10.  Post all meeting minutes and draft proposals on MemberZone for individual members to peruse.

This would be the “modern equivalent” of the way documents were passed down the chain under the “old” system.  It will foster interest in the Vision and Mission of GGC, allowing members to understand and participate in the larger issues.

11.  Do not rely on surveys as your sole source of information.

While surveys can give a general sense of opinion, they are often unreliable due to:

a)  poor wording, leading questions, not asking the right questions, or not giving             appropriate choices

b)  poor sampling techniques – relying on responders choosing to respond

c)  geographical variations – blanket statements like “60% of participants thought…” do             not take into account that perhaps 90% of participants in a particular geographical area          thought otherwise.

Surveys give only a single “snapshot in time”, while opinions continue to evolve.
12.  Give ACL’s a vote on Provincial Council.

Without a vote, a voice means nothing, and leads to a feeling of not being heard or considered, i.e. zero communication.

13.  Use Canada’s parliamentary system as a model for Council.

Ideas to think about include:  elected representatives, a “cabinet” for operational purposes, opportunity for non-confidence votes, paid staff (equivalent to the civil service) not to be involved in the decision-making process.

14.  Involve local members in decisions that affect them.

“Involve” means not only an opportunity to give input, but a guarantee that their concerns will be addressed to their satisfaction.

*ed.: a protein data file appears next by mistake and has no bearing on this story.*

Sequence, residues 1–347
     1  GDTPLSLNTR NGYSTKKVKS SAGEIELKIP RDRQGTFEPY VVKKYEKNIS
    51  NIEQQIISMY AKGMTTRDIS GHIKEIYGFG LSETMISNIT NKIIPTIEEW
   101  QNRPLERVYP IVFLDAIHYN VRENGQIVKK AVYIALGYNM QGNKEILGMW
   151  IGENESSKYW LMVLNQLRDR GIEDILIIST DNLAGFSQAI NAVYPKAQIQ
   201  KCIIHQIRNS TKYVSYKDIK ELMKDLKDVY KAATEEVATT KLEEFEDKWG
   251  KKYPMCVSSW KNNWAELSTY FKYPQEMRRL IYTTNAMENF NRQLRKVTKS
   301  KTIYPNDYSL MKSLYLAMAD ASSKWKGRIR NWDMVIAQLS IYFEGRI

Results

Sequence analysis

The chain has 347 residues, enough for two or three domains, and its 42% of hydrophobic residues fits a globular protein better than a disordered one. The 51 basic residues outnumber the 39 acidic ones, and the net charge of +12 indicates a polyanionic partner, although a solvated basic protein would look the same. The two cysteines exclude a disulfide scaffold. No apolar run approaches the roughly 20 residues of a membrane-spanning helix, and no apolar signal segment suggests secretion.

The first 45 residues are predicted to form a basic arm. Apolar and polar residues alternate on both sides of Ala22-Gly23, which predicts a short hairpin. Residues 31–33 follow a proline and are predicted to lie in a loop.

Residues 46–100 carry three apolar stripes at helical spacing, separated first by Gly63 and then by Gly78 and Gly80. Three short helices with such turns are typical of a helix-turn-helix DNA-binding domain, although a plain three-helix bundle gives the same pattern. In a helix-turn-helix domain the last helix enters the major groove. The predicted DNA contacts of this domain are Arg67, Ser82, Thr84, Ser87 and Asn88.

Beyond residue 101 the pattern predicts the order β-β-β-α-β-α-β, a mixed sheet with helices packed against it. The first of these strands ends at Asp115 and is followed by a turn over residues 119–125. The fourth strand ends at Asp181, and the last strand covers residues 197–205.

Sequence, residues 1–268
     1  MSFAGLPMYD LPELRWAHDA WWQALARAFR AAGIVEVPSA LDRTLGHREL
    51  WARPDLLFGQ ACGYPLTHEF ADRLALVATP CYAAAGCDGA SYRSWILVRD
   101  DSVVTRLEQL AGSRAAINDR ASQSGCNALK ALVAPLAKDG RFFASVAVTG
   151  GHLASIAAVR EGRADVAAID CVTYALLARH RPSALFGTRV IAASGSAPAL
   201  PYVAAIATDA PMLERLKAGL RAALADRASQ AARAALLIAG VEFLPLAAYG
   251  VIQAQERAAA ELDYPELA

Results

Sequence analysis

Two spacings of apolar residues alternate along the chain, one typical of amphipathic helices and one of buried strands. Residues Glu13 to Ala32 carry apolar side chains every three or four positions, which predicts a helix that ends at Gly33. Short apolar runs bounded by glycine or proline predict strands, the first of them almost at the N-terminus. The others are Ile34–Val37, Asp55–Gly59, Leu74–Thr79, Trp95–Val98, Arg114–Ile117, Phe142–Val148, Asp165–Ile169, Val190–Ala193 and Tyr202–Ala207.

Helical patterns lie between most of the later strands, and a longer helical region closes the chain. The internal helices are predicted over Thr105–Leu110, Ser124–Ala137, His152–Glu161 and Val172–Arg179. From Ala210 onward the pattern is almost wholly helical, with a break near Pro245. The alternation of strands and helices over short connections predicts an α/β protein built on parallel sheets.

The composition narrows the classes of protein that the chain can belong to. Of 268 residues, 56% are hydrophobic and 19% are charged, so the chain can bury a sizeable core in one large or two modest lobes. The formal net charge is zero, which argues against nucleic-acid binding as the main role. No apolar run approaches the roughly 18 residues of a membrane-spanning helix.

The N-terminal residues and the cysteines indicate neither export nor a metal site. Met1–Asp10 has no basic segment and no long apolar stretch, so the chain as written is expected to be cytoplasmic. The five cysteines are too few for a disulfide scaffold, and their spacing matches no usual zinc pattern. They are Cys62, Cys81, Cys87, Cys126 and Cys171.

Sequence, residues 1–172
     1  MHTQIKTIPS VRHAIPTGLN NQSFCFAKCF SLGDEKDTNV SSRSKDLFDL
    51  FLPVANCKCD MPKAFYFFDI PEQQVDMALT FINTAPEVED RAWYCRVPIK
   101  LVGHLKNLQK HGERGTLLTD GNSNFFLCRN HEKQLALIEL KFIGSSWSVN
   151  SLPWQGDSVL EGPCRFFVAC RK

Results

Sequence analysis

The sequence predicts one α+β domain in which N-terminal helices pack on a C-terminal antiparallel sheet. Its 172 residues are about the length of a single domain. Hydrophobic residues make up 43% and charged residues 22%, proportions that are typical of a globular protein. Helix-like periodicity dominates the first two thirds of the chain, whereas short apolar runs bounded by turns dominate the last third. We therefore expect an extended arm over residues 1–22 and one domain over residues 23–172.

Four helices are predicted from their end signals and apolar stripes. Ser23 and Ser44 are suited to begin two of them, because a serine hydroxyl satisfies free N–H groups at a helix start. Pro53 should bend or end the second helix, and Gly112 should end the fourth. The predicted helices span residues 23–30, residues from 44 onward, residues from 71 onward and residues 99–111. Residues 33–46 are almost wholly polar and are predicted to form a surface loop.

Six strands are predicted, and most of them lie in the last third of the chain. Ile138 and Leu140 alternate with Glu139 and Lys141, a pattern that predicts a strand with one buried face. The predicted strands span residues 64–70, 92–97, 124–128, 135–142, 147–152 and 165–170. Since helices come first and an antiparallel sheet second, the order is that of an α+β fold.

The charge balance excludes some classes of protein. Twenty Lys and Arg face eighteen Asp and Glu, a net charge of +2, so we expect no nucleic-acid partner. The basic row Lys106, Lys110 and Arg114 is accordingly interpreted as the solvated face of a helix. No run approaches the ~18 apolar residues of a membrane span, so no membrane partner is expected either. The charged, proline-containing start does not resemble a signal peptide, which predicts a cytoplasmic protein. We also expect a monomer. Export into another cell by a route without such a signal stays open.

15.  Remember that Council is there to serve the girls, by serving the Unit Guiders, not the other way round.

Train the paid staff to understand that they are hired to serve the membership.

16.  Be respectful in all communications:  threatening to remove a member from their voluntary position does little towards fostering collaboration and member retention.

17.  For Provincial or regional events, seek committee member volunteers from each community, rather than having a small committee plan and run the event through the Provincial Office.

The idea here is to avoid the event becoming impersonal in nature.  Girls are more likely to participate when they know the leaders involved.

18.  Create a position of “Ombudsman” on Provincial and National Councils – someone who would listen to concerns from Guiders in the field, and act on their behalf to represent their concerns to Council.

19.  Review the definition of “Engagement” as presented at the AGM workshop and implement a strategy for “Guider Engagement”.

“Interactive, advocacy, cooperation, peace-building, fun, action, selfless, partnership, leadership building, resourceful, collaboration, experiential learning, connections, relationship building, social/civic awareness, reflection, courage, confidence”:  why limit these qualities to girl engagement?  The adults need them too!

20.  Concerning Camps:

a)  Realize that camp properties fall into two categories:  local and provincial.

The clientele for these two categories is drastically different.  Many girls, for many reasons, will not travel far from home.  Without local camps, they will not camp at all.  Others seek the challenge of a longer, larger camp.  Both types of campers should be accommodated.

Decisions regarding local camps should be made by the members of the Guiding community serviced by the camp.  This is only fair and logical.  If there are not enough local members interested, only then should decision-making be referred to the Provincial level.

Decisions regarding provincial camps should be made by members of Provincial Council, with input from representatives across the province.

b)  The responsibility of the Provincial Property Committee should be to communicate to the local camp committees the legal requirements for camp operations.